We parsed and crunched online articles about fracking from one of the biggest mainstream magazines to see, if anything interesting comes out. Well, this is the result, we are not claiming any specific success, judge for yourself.
Visit the Wikipedia is you are not sure what fracking is.
2012, first quarter
2011 second quarter
2011 third quarter
2011 last quarter
2012 first quarter
Heatmap of words
The lighter the color the bigger the role those words had in that quarter. Subjects with similar activity maps are clustered together to some degree.
Casual observations of the heatmap
As we see, in 2011 Q1 whole thing just started getting publicity, just few words like “climate”, “public”, “protest” and “commite” were amongst more active.
In Q2 “methane” and safety were the big themes, “climate” enhanced and some new themes were open.
Q3 is very pronounced in whole lower cluster of words like “council”, “planning”, “people”, “government” and “safety”, “fear” and “exploration”. “Climate” made it’s peak and there was not much talk about “methane” any more.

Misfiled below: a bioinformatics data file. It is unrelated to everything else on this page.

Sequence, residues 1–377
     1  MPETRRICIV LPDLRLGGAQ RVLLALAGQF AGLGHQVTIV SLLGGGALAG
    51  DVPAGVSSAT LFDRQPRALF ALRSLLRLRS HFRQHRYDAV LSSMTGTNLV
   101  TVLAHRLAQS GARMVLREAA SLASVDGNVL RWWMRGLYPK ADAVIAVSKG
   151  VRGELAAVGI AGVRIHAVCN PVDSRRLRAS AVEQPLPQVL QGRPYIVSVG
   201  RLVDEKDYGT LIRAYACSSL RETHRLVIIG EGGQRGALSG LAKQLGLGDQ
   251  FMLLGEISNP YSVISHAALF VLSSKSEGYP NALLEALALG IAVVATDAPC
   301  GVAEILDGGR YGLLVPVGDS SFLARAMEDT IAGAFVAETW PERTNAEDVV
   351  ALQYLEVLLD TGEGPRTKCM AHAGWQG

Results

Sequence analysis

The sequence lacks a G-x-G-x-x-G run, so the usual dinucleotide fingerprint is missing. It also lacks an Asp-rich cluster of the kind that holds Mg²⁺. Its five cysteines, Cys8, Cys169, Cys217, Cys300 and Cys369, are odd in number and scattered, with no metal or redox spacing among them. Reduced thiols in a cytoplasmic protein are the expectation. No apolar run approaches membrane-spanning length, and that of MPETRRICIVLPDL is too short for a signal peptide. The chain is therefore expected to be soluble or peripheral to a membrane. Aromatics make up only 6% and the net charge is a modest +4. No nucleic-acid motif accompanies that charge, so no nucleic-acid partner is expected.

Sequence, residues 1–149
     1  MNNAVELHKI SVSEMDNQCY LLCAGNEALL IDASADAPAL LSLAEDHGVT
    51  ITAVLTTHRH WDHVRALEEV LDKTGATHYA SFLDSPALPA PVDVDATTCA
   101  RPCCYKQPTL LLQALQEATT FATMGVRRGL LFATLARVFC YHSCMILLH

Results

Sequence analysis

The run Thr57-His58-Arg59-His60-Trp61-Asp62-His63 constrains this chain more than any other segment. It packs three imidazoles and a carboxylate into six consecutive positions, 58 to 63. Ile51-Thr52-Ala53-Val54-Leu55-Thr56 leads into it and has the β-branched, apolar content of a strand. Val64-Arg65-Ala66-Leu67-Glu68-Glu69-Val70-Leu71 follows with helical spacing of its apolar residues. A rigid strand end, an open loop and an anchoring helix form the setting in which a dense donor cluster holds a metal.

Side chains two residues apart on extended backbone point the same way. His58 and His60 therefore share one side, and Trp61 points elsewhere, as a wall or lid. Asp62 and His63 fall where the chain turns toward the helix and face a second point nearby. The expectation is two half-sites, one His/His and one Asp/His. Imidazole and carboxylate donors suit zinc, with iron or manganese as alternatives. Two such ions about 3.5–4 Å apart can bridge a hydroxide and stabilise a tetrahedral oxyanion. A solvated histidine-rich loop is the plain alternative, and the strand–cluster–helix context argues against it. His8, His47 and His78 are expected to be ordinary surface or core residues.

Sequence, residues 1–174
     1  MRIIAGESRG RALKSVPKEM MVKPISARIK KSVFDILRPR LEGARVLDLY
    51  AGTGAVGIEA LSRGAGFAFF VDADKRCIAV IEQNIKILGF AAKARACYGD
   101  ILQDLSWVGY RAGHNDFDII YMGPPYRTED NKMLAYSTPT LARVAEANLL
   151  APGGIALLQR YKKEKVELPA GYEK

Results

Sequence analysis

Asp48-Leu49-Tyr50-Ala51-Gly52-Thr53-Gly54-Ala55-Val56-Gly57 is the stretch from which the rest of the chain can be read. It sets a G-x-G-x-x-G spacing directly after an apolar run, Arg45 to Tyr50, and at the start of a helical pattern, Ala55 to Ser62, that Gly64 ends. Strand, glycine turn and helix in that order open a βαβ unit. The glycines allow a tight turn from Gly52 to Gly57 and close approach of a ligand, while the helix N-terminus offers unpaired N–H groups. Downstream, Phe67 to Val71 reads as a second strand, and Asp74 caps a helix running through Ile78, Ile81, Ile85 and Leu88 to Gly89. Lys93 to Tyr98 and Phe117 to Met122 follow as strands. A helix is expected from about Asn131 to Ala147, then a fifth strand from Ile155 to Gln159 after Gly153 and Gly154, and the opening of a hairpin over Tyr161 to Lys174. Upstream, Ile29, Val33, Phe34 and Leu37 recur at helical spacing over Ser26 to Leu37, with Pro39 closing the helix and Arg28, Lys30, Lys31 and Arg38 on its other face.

Again in Q4 whole upper cluster of words becomes very active. The most pronounced seem to be “protesters”, “committee”, “chemicals”, “concerns” and “tremors” and “pressure”. In the bottom “water” pops out.
2012 Q1 things got more calm. The theme that was slowly growing and seems enhanced here are “earthquakes” and “safe” becomes more prominent again. The theme of “water” and “oil” persist from the previous quarter.
At the end we decided to look into words associated with words that have higher human/social context in our view. Bigger font means bigger association.
Well that’s it. We do this because we are interested in data visualization and like to practice on real examples. We also believe any additional overview of the information that touches lives of the people is in general public good. We don’t claim we found out anything special based on this work. Don’t claim anything based on our results and work, make your own work if you want that!
If you have any comments or questions about it, write them below or email us at dataoko AT fastmail.fm.
While the information in this blogpost is believed to be true at the date of its publication, neither the authors, the editors, nor the publisher can accept any legal responsibility for any errors or omissions that may be made. The publisher makes NO warranty, express or implied, with respect to the material contained herein.